MB: It was completely devastating, because I had no idea it was going to happen. I had a month from when I found out, to when it actually stopped. Jethro Tull had already planned tours for the next two years. But, of course, I didn’t know that. It’s a typical thing amongst musicians. The one thing musicians are bad at are people skills (laughs). I was just talking about Jethro Tull; I’ve seen it elsewhere. They don’t know how to deal with people. I’ve learned lessons of how people shouldn’t do things, and I’m really, really careful. The relationship I have with my band is very professional. It’s very intimate, too – they know everything. We sit down and talk; we talk about the future, how they feel – every subject. It’s about their lives, as well as mine. You’re in other’s lives in a big way. My band relies on me to keep going, and to keep the flag flying, and to get better and play better music, play more music. It’s not something that I take lightly. It’s a responsibility, but I love it. I love it, mainly, because I learned how to do it by fault. You look around, and you see how people are so inadequate, dealing with their employees; in a band, they’re not employees. It’s a partnership. It was good for me, because in retrospect, I was hardly playing any guitar, their music was getting very, very stagnant; there was no change, and no progression in Jethro Tull. Probably, the last three years Tull toured in America, the set list was the same, other than maybe one or two different songs. There was no show; there was no silver production, yet we were playing huge concerts. The whole thing needed to be completely shaken up – a real kick in the backside. We finished, and I realized how little I was playing, and now, it’s great, because I’m playing lots of guitar, and I’m doing lots of arranging. I really love it, because the more I have to do, the happier I am as a person. You just become a different person with what you do in life, and I think the human matrix is very accepting of that situation. You sort of become numb to what you do. Whatever it is, and however you do it becomes normal, and that’s a danger. You can step back and take a look at what you do in life, and people will think, “I’m not doing the right thing. This is not what I should be doing.” It’s good that I ended up a very happy person.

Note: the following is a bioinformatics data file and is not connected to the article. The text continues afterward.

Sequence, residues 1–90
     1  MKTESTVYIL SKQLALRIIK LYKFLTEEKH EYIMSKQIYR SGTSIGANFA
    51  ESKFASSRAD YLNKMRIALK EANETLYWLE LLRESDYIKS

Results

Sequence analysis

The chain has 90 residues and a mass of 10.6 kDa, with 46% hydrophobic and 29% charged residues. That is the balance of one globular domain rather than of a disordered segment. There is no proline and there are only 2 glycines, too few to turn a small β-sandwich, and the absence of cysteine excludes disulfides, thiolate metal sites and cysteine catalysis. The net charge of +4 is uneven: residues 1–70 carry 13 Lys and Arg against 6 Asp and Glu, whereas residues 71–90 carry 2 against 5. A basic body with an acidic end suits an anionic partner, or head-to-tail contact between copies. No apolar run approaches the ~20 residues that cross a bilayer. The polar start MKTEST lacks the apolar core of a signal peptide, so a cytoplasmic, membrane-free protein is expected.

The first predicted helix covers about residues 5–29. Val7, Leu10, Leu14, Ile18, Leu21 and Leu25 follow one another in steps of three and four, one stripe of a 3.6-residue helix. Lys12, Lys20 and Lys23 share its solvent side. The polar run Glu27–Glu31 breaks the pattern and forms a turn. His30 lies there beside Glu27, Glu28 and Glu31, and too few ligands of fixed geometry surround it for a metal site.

RMS: Do you still have a relationship with Ian Anderson? Do you guys speak occasionally?
MB: No. You know, I don’t, because my life has changed completely. I’m so engrossed with what I’m doing. It’s a 24-hour-a-day job. Me and my wife do pretty well everything, from booking hotels for concert touring, booking flights. And, of course, on top of that, I’m doing everything, musically, as well. The guys are fantastic. I throw six pieces of music at them, and the next day, they’ve learned them. They’re great. It’s a full-time job for me. I don’t really have any time in my life to interact with any other people, other than my band and my family. Ian is probably happy, doing what he’s doing; he’s got his own life, but we’re so far apart, musically, and just the people that we are. We’re just very, very far apart. It’s a shame, but you have to accept that and get on with your life, and make the most of it that you can.